MAKING IT HAPPENHow far are we from achieving this?
That's precisely what DISCIPULUS has been set up for! Our job essentially can be summarised as follows:
To answer the question though, well, the technology already exists, but in largely isolated parts, five good examples are:
What the virtual physiological human technology is like today. The challenges that must be overcome in other to make the digital patient reality. Where we might be in ten years' time with this technology.
3D scanning (the video games industry uses this extensively) - It is relatively easy to generate a 3D CGI avatar of yourself although your avatar generally doesn't come with internal organs! Internal organ imaging - this is very much the realm of radiology. Atomic/molecular level modelling - a major part of chemistry research, it uses the methods of molecular dynamics, molecular mechanics, and quantum mechanics. Subatomic level modelling - has its origins in particle physics, but is now also a major area in medical physics, an application of this is the simulation of radiotherapy in cancer treatment. Avatar modelling - this is a cornerstone of many blockbuster movies today, using CGI technology, but it has also made its way into internal organs, tissues, and cells. The European Commission has funded a wide range of such projects, which can be found at www.vph-noe.eu. Electronic Healthcare Records (EHRs) - now standard in much of medical practice.
The question then is, "How do you combine all these individual parts together to produce the digital patient?" DISCIPULUS will not be able to answer this question when the project concludes in March 2013, but will be recommending pathways through which this question could be answered sometime in the future. The product for disseminating these pathways will be a "Roadmap for the Digital Patient".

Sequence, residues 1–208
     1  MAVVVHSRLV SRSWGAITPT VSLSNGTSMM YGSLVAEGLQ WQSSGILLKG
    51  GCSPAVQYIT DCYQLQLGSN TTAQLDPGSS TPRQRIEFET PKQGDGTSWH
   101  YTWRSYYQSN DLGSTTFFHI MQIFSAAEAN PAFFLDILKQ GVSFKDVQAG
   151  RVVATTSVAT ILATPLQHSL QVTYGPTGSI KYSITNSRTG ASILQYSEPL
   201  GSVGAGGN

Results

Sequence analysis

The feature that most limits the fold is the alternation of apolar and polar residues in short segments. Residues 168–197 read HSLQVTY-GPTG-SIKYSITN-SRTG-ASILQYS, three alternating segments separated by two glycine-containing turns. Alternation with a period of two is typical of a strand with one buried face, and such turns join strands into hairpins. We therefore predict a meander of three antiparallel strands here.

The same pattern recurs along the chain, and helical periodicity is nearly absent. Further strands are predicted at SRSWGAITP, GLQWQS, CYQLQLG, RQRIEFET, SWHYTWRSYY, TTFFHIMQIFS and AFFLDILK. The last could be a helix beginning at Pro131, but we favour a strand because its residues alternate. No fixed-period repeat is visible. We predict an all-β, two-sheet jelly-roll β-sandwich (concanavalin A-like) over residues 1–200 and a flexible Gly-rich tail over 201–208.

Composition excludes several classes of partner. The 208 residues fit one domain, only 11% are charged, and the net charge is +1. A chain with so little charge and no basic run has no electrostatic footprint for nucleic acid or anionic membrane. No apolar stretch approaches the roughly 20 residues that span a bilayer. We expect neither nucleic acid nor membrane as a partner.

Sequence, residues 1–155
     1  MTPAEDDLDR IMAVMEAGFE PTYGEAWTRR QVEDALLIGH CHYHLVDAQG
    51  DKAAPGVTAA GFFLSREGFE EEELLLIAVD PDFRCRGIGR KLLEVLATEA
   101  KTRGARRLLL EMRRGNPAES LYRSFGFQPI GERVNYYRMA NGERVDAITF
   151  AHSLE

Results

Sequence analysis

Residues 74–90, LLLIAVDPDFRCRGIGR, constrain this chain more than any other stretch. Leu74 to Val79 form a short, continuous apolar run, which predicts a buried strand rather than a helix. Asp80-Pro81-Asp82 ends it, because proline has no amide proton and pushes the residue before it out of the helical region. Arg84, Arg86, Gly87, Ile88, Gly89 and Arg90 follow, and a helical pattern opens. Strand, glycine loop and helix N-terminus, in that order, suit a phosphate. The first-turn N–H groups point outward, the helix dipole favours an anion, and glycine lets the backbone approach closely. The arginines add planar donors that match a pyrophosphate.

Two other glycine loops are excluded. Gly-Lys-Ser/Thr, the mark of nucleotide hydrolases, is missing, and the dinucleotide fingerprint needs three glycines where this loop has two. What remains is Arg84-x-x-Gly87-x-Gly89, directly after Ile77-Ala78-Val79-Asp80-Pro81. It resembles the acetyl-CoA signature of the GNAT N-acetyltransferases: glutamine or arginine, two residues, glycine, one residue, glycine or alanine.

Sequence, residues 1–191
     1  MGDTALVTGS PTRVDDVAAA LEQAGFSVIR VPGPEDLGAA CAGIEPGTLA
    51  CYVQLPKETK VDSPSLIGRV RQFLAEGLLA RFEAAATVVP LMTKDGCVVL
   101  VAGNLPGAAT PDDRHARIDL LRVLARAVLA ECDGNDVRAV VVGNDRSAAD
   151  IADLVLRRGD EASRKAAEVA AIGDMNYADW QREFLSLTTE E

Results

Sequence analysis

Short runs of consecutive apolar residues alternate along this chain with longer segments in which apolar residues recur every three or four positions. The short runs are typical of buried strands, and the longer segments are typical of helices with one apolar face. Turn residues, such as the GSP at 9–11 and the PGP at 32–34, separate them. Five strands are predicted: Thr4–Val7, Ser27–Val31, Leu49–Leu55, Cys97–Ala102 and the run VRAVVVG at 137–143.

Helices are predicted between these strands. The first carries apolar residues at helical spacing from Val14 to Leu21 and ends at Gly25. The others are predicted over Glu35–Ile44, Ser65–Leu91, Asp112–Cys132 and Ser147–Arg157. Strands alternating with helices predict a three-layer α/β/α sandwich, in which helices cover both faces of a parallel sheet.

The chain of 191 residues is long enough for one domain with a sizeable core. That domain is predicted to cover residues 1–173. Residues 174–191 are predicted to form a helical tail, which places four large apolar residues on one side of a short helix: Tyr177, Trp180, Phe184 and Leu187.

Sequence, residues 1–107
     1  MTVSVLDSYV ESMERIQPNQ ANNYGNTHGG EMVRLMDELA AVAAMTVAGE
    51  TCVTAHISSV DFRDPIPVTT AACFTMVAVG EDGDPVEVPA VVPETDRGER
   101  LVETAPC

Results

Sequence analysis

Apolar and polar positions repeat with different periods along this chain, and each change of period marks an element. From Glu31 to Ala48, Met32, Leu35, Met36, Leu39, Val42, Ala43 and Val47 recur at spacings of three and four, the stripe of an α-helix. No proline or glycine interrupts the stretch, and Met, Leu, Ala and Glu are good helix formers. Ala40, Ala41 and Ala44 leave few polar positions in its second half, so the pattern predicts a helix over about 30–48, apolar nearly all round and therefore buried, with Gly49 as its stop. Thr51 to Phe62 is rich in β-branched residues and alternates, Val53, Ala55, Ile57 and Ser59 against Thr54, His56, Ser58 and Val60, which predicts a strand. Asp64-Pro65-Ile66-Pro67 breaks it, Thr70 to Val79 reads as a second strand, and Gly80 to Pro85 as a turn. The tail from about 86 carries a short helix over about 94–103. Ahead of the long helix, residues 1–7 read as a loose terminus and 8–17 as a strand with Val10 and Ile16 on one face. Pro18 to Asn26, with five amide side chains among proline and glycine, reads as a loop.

Everyone can get involved!
To produce this roadmap, we now have a consultation process with scientists, computer modellers, clinicians, and we want to open one with the general public (more details on the format of the public engagement will follow soon). We held the First Consultation Meeting in Barcelona, Spain, in late March 2012, which subsequently led to the First Draft of the Digital Patient Roadmap that was published in early July 2012. A full copy of the report can be found here and a summary can be found here. The Second Consultation Meeting will also take place in Barcelona, on the 26th and 27th of November 2012, and the invitation is not just restricted to experts, but also non-experts representing other groups (see Description of Initiative). The product of this meeting will be the final roadmap which will be published in March 2013, but anyone that wants to get involved now, can do so through our open forum and twitter. We also have a wikipage for experts that want to contribute (although registration is required, but this is free).
The DISCIPULUS project is funded by the European Commission under the Seventh Framework Programme (FP7/2007-2013).